Identifying and quantifying sources of variation in microarray data using high-density cDNA membrane arrays

Kevin R. Coombes, W. Edward Highsmith, Tammy A. Krogmann, Keith A. Baggerly, David N. Stivers, Lynne V. Abruzzo

Research output: Contribution to journalArticlepeer-review

33 Scopus citations


Microarray experiments involve many steps, including spotting cDNA, extracting RNA, labeling targets, hybridizing, scanning, and analyzing images. Each step introduces variability, confounding our ability to obtain accurate estimates of the biological differences between samples. We ran repeated experiments using high-density cDNA microarray membranes (Research Genetics Human GeneFilters® Microarrays Version I) and 33P-labeled targets. Total RNA was extracted from a Burkitt lymphoma cell line (GA-10). We estimated the components of variation coming from: (1) image analysis, (2) exposure time to PhosphorImager® screens, (3) differences in membranes, (4) reuse of membranes, and (5) differences in targets prepared from two independent RNA extractions. Variation was assessed qualitatively using a clustering algorithm and quantitatively using a version of ANOVA adapted to multivariate microarray data. The largest contribution to variation came from reusing membranes, which contributed 38% of the total variation. Differences in membranes and in exposure time each contributed about 10%. Differences in target preparations contributed less than 5%. The effect of image quantification was negligible. Much of the effect from reusing membranes was attributable to increasing levels of background radiation and can be reduced by using membranes at most four times. The effects of exposure time, which were partly attributable to variation in the scanning process, can be minimized by using the same exposure time for all experiments.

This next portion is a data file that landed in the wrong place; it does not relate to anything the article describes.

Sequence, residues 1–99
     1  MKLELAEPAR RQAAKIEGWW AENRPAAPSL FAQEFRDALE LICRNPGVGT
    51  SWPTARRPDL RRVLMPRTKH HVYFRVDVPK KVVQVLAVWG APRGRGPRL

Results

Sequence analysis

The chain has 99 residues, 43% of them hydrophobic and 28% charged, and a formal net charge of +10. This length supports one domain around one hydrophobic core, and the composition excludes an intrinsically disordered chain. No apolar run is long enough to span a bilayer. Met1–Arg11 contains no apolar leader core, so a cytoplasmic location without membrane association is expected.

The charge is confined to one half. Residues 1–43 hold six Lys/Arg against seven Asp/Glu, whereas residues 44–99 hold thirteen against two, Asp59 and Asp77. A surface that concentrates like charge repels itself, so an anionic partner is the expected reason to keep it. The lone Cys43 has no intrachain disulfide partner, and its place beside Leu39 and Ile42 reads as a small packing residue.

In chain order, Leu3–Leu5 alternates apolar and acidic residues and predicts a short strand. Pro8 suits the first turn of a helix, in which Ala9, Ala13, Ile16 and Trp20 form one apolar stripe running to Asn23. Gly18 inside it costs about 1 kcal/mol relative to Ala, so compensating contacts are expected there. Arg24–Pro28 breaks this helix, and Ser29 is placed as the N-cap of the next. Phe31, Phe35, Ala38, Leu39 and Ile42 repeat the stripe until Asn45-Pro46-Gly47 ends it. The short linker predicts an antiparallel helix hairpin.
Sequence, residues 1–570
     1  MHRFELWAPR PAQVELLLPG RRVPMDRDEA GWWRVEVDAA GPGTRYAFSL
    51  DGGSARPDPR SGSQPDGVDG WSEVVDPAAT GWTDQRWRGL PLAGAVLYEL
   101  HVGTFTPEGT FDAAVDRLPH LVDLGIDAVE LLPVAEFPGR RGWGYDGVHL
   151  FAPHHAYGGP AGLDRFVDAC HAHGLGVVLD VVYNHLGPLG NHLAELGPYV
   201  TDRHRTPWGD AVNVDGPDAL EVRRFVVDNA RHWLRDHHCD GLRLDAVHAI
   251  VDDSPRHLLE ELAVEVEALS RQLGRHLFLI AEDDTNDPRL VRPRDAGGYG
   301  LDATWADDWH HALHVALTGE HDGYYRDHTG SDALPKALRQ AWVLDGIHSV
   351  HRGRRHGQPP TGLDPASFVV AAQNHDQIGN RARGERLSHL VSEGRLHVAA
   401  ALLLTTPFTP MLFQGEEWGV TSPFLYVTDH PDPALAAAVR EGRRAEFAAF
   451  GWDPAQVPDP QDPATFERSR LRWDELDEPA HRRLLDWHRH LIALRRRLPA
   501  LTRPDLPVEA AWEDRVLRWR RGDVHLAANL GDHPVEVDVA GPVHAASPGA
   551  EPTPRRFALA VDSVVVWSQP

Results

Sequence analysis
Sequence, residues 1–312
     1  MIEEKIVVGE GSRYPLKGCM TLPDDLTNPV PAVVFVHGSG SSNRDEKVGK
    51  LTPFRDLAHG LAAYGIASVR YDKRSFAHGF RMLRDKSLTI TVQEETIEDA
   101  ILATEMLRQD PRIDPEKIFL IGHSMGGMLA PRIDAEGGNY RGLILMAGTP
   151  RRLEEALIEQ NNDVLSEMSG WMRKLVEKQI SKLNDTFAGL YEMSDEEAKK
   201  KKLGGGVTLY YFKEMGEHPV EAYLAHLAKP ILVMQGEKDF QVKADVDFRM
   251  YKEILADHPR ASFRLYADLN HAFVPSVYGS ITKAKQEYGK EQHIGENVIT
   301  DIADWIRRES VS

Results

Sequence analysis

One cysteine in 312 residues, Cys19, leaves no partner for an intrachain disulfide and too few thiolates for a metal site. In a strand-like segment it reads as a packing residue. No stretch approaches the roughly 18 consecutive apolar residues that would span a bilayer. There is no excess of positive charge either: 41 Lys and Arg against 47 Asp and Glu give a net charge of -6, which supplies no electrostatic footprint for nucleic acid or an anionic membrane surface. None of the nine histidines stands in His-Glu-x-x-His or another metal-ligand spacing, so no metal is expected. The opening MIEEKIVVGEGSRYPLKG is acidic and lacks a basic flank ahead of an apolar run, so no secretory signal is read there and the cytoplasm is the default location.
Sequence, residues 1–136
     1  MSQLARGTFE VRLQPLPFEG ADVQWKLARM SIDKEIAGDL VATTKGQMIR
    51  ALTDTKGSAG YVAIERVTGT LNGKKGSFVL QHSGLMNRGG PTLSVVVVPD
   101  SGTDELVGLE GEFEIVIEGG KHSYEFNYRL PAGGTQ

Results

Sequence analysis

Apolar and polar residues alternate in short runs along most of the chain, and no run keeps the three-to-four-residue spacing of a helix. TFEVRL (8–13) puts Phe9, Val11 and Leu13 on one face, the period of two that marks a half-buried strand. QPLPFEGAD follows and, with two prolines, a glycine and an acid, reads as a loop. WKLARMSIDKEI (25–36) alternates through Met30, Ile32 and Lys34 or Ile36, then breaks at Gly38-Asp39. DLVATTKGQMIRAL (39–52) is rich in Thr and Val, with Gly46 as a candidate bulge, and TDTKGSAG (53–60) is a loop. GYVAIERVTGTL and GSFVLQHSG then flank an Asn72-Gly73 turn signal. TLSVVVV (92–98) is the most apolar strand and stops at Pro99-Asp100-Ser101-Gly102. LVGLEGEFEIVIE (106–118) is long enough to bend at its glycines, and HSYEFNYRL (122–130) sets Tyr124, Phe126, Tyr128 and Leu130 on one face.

Original languageEnglish (US)
Pages (from-to)655-669
Number of pages15
JournalJournal of Computational Biology
Issue number4
StatePublished - 2002


  • Akaike Information Criterion
  • Analysis of variance
  • Differential gene expression
  • Replicated microarray experiments
  • cDNA microarray

ASJC Scopus subject areas

  • Modeling and Simulation
  • Molecular Biology
  • Genetics
  • Computational Mathematics
  • Computational Theory and Mathematics


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